Instead of accusing public school advocates of “anti-Christian” bigotry because we refuse to approve of mixing public tax dollars with religious school education, French ought to get his facts straight.
Another discussion of the “government schools” phrase. The people who are working to privatize public education hate government, and because public schools are government sponsored public services, they hate public education, too. This isn’t new.
Do they also hate public libraries? public parks? and public water systems? Do they hate the government run military?
…these people are working with a completely different ethical system than the rest of us and a different philosophy, but it’s a coherent one and they are pursuing their goals with very strategic, calculating tools.” That’s also why the right is so focused on the teachers’ unions. It’s not because they are only concerned about the quality of education and think that teachers are blocking that. First of all, this is a cause that hated public education—what they would call government schools; they don’t even want to say public education—before there were teachers’ unions.
THE MYTH OF FAILING PUBLIC SCHOOLS
Challenging the myth that public schools are failing is one of the greatest obstacles facing public school advocates. Some selected responses to that myth…
What I have suggested for ameliorating the low performance of low-income children, on all our assessments, are characteristics of schooling and the provision of health and other supports for children now present in wealthier communities. Perhaps, then, we should rely on John Dewey to help low-income students succeed, instead of putting our faith in vouchers, charters, test preparation, teacher accountability and the like. To paraphrase just a little, Dewey said:
“What the best and wisest … parents want for their children, that must we want for all the children of the community. Anything less is unlovely, and left unchecked, destroys our democracy.”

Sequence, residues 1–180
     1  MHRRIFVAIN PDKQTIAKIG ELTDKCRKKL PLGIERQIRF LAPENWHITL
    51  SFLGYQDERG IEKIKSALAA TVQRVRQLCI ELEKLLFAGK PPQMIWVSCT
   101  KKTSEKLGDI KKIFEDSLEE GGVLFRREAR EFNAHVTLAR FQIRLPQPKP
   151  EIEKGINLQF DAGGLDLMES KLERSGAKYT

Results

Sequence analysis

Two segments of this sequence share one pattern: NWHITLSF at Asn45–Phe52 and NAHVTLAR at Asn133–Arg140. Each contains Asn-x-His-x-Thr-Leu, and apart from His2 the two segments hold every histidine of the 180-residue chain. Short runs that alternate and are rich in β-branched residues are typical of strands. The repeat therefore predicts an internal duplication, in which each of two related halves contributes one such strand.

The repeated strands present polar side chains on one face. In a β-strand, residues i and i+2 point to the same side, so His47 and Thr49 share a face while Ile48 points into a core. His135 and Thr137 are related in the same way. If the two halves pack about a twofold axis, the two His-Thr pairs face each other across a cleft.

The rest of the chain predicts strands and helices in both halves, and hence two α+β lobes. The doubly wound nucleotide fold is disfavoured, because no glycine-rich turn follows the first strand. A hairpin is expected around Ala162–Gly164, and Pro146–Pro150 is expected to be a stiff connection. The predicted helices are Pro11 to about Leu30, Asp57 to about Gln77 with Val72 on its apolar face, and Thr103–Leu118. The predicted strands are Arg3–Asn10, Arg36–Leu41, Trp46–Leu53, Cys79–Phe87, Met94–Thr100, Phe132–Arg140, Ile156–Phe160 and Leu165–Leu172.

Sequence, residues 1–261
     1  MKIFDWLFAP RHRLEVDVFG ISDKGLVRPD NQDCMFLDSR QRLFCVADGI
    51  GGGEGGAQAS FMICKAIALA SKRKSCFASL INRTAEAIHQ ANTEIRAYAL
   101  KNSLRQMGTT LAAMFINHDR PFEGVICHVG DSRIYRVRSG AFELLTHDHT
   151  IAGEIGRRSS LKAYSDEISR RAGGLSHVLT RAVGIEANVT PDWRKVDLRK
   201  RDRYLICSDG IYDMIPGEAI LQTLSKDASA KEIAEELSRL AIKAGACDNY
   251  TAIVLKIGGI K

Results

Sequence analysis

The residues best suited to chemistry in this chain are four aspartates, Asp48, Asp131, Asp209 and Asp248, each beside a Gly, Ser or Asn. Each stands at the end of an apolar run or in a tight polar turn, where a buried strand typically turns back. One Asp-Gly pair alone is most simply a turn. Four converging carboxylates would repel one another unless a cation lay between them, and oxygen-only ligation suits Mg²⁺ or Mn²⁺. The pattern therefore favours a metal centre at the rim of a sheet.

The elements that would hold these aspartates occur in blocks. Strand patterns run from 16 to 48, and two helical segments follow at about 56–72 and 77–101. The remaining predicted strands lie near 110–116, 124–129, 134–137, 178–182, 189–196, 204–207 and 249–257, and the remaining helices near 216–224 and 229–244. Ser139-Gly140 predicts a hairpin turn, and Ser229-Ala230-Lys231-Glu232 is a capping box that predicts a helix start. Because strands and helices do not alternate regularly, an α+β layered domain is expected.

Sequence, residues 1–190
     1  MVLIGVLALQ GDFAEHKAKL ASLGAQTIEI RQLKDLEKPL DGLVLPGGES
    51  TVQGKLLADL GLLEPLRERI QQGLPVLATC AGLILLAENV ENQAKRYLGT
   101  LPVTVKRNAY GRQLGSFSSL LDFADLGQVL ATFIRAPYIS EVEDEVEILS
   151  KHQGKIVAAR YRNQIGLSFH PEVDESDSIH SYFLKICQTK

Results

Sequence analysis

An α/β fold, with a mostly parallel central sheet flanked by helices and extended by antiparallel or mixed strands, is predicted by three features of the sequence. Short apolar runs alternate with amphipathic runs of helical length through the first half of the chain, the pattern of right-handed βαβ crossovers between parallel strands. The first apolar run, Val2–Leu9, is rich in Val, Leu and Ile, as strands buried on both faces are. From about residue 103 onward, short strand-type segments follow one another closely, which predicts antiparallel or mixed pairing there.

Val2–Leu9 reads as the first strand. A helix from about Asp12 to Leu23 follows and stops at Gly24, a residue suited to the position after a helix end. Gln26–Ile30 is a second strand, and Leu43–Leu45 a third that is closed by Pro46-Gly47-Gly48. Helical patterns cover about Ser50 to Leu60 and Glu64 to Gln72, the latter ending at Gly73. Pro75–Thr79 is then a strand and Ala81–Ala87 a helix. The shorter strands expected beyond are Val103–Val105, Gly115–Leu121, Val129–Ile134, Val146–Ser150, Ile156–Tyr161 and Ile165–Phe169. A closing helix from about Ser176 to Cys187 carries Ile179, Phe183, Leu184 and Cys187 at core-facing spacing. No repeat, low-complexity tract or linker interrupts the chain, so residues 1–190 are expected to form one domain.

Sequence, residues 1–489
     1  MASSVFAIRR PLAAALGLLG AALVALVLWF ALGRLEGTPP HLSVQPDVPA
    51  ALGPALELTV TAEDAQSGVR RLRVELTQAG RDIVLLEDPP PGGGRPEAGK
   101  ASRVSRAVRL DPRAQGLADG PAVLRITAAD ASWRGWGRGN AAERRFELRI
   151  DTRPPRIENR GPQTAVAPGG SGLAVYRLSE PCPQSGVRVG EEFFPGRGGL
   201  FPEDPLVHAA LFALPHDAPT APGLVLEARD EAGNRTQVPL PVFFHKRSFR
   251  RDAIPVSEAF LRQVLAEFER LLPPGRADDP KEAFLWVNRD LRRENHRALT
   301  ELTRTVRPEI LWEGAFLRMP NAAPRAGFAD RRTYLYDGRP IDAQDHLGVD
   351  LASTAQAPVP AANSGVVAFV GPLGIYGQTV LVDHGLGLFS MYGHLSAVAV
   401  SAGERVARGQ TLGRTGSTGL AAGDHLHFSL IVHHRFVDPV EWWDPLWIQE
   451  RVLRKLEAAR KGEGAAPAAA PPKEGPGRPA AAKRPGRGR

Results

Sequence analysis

In the rush to privatize the country’s schools, corporations and politicians have decimated school budgets, replaced teaching with standardized testing, and placed the blame on teachers and students.
…why do we believe that American public schools are doing such a terrible job?
Because far right policymakers have convinced us all that it’s true.
Let me repeat that in no uncertain terms – America’s public schools are NOT failing. They are among the best in the world. Really!
The problem that DeVos and others don’t understand, or just simply ignore, is poverty. American public schools accept everyone and test everyone. Not all countries do that. We don’t weed out our poor and low-achieving students as they get older, so everyone gets tested…
The fact is that students who come from backgrounds of poverty don’t achieve as well as students from wealthier backgrounds. And we, in the U.S. are (nearly) Number One in child poverty.
But when schools are doing better than ever before, the best way to encourage continued improvement is not a concerted attack on school governance and organization. A more effective approach would be praise for accomplishment, provision of additional resources to programs whose results justify support, and reforms on the margin to correct programs and curricula shown to be ineffective.